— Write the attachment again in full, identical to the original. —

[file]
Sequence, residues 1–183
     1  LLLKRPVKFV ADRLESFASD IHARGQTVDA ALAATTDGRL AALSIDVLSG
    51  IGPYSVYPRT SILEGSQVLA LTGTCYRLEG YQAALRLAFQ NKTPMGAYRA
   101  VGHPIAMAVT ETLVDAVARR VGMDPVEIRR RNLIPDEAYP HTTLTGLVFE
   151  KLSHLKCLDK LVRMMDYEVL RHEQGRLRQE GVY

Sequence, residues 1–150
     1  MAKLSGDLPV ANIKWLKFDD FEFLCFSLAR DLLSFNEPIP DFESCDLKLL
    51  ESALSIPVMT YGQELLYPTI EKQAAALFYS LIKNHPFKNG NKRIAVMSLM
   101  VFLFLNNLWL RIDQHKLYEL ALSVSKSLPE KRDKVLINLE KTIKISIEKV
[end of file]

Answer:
Sequence, residues 1–183
     1  LLLKRPVKFV ADRLESFASD IHARGQTVDA ALAATTDGRL AALSIDVLSG
    51  IGPYSVYPRT SILEGSQVLA LTGTCYRLEG YQAALRLAFQ NKTPMGAYRA
   101  VGHPIAMAVT ETLVDAVARR VGMDPVEIRR RNLIPDEAYP HTTLTGLVFE
   151  KLSHLKCLDK LVRMMDYEVL RHEQGRLRQE GVY

Sequence, residues 1–150
     1  MAKLSGDLPV ANIKWLKFDD FEFLCFSLAR DLLSFNEPIP DFESCDLKLL
    51  ESALSIPVMT YGQELLYPTI EKQAAALFYS LIKNHPFKNG NKRIAVMSLM
   101  VFLFLNNLWL RIDQHKLYEL ALSVSKSLPE KRDKVLINLE KTIKISIEKV